Cardiac CT

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Cardiac CT

CT Angio of the Coronary Arteries

What is a CT Coronary Angiogram?

Advances in CT technology permits the clear visualization of the coronary on a high-end multi-detector CT (MDCT) scanner. This new technology allows the compilation of exquisite images depicting the coronary arteries without the associated risks of the older invasive procedures.

As this examination is extremely specialized, our staff undergoes special training to be able to scan the heart as well as process the images, to create quality diagnostic angiographic and 3D images of the heart and coronary vessels.

It is imperative that the patient fully co-operates with instructions as this will impact the outcome of the scan.

What can I expect?

A cardiology workup is done by your cardiologist, and you may be given a Betablocker to take the night and morning before your examination to stabilize your heartrate.

When you arrive in the CT department, your heart rate and blood pressure will be monitored. If your heart rate is above 80bpm an additional beta-blocker tablet will be given after consultation with the radiologist and your cardiologist. After 45-60 minutes, your heart rate is monitored again and if it has slowed sufficiently, the radiographer will start the scan. If your heart rate is still not optimal, the cardiologist is consulted and your scan might need to be rebooked after your heartrate has stabilized.
Your full co-operation is critical to ensure the success of the scan. Special breathing instructions will be given during the scan, and a breathing exercise will be performed a number of times to monitor the heart rate during a breath hold. An intravenous line will be inserted for the contrast injection. A vasodilator tablet called TNT (Isosorb dini5) is placed under your tongue just before the scan to dilate the cardiac vessels for the scan. This may cause a slight headache, which resolves rapidly, as well as a strange taste in the mouth.

Two scans are performed. The first will identify any calcified plaque in the coronary arteries. The number and size of these plaques are used to calculate the Agatston Calcium score, which quantifies the relative risk for cardiac disease. This score will determine whether the second scan can be done.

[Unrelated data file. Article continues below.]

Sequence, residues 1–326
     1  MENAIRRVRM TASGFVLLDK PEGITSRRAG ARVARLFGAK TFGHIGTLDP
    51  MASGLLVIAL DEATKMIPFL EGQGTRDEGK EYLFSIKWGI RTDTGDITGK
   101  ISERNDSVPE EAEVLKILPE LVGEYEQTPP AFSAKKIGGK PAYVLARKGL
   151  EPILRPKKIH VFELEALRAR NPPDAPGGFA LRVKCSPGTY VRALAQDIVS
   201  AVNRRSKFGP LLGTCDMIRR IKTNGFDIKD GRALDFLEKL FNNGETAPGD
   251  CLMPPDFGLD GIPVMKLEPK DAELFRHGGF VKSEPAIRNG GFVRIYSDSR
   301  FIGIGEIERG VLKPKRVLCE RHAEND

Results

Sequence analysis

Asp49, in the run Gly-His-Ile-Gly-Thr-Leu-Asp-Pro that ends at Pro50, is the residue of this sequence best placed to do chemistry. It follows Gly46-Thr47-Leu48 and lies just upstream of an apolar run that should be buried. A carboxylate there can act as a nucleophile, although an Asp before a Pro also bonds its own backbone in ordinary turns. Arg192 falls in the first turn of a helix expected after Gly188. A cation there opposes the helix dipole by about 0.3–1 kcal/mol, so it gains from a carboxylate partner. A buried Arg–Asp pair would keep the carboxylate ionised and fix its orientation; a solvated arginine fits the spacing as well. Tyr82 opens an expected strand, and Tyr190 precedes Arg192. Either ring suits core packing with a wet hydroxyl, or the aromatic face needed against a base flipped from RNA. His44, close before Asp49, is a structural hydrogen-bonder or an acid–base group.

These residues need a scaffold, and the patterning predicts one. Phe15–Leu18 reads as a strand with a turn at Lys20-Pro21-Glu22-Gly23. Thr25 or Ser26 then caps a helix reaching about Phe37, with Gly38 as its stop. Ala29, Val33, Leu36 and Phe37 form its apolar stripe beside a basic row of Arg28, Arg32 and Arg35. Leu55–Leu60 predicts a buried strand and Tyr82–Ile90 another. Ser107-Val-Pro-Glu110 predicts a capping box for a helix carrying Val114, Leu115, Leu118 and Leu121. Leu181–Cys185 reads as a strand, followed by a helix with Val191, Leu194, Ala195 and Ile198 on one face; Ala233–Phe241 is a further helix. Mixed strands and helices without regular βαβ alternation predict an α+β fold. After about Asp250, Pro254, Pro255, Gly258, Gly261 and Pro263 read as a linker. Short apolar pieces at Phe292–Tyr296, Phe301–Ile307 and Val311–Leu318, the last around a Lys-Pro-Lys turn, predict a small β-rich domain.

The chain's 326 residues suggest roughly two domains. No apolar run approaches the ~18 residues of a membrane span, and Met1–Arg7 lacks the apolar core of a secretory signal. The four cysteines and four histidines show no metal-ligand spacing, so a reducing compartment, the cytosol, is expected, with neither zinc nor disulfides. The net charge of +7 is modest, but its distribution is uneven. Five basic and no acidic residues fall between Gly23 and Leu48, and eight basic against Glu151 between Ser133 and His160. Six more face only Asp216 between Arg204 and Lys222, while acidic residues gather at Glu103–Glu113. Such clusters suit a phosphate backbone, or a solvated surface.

The second scan uses the intravenous contrast agent and utilizes special technology that enables the scanner to acquire images at the same instant in every heartbeat, creating an angiographic image without movement. By injecting a reduced amount of Iodine-based contrast media followed by saline, a bolus of the contrast medium is concentrated in the arterial system of the heart at the time of the scan.
This allows accurate diagnosis of pathologies.

What can be diagnosed on this CT?

Among others, the following conditions may be diagnosed:
• Abnormal coronary artery origins or courses
• Narrowing/occlusion of the coronary arteries
• Patency of arteries after coronary stenting
If significant pathology is identified you may be referred for a conventional cardiac angiogram. The Cardiac CT Angiogram, however, remains a non-invasive, low-risk first investigation in patients at risk for cardiac disease.

How long does it take?

The total time spent in our department can be 1 – 2 hours.
After the scan, the post-processing is done with great care to ensure accuracy and the radiologist carefully reviews the images.
The images and a detailed report by our specially trained radiologist will be sent to your referring doctor, and you will receive a digital copy via email.

Special preparation for a CT of the Coronary Arteries:
As this examination is highly specialized, we rely on your co-operation.
Please advise the receptionist and radiographer of the following conditions at the time of booking the appointment so that precautions can be taken:
• Asthma
• Diabetes
• Renal disease
• All Allergies
• Pregnancy
• Heart disease
Please avoid intense activity, any caffeine and not smoke on the day of the scan.

What are the benefits and the risks?


• Cardiac CT for calcium scoring is a fast, convenient and non-invasive way of evaluating the presence of coronary artery disease that is present even in the event of the lack of symptoms.
• Cardiac CT is relatively quick and causes no pain.


• Pregnant women should avoid having cardiac CT. If there is any possibility that you are pregnant you should inform the radiographer.
• A limited amount of radiation is given during this examination.
• Cardiac CT may show an abnormality that could require further tests.
• There is a small risk of allergic reaction to the iodine contrast medium that is administered. Please inform the radiographer of all allergies
• Normal kidney function is required before iodine contrast can be injected.

Who could benefit from having CT coronary angiography?

• Patients with atypical or non-anginal chest pain
• Patients with equivocal stress tests
• Asymptomatic patients with one or more of the following risk factors: smoking, high cholesterol, family history of heart disease, high blood pressure, overweight, diabetes, sedentary lifestyle or as determined by your cardiologist.

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